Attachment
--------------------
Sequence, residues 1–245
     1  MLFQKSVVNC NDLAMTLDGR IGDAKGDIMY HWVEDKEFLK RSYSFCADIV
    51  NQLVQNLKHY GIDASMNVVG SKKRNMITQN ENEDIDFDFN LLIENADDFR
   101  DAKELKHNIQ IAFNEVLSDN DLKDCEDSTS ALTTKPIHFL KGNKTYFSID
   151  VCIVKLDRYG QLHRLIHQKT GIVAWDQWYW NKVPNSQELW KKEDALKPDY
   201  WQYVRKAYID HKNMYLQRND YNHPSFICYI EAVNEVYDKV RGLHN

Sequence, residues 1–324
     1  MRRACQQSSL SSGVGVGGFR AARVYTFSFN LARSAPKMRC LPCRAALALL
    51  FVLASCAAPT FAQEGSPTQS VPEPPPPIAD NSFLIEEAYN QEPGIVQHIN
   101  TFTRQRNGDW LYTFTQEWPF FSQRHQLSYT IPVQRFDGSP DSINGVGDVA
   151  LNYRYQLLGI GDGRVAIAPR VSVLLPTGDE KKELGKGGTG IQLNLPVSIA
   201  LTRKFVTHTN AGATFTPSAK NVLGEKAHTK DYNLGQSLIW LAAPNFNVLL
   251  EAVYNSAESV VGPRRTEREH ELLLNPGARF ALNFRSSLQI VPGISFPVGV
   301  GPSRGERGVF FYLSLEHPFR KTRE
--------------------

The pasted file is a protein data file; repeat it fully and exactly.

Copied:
Sequence, residues 1–245
     1  MLFQKSVVNC NDLAMTLDGR IGDAKGDIMY HWVEDKEFLK RSYSFCADIV
    51  NQLVQNLKHY GIDASMNVVG SKKRNMITQN ENEDIDFDFN LLIENADDFR
   101  DAKELKHNIQ IAFNEVLSDN DLKDCEDSTS ALTTKPIHFL KGNKTYFSID
   151  VCIVKLDRYG QLHRLIHQKT GIVAWDQWYW NKVPNSQELW KKEDALKPDY
   201  WQYVRKAYID HKNMYLQRND YNHPSFICYI EAVNEVYDKV RGLHN

Sequence, residues 1–324
     1  MRRACQQSSL SSGVGVGGFR AARVYTFSFN LARSAPKMRC LPCRAALALL
    51  FVLASCAAPT FAQEGSPTQS VPEPPPPIAD NSFLIEEAYN QEPGIVQHIN
   101  TFTRQRNGDW LYTFTQEWPF FSQRHQLSYT IPVQRFDGSP DSINGVGDVA
   151  LNYRYQLLGI GDGRVAIAPR VSVLLPTGDE KKELGKGGTG IQLNLPVSIA
   201  LTRKFVTHTN AGATFTPSAK NVLGEKAHTK DYNLGQSLIW LAAPNFNVLL
   251  EAVYNSAESV VGPRRTEREH ELLLNPGARF ALNFRSSLQI VPGISFPVGV
   301  GPSRGERGVF FYLSLEHPFR KTRE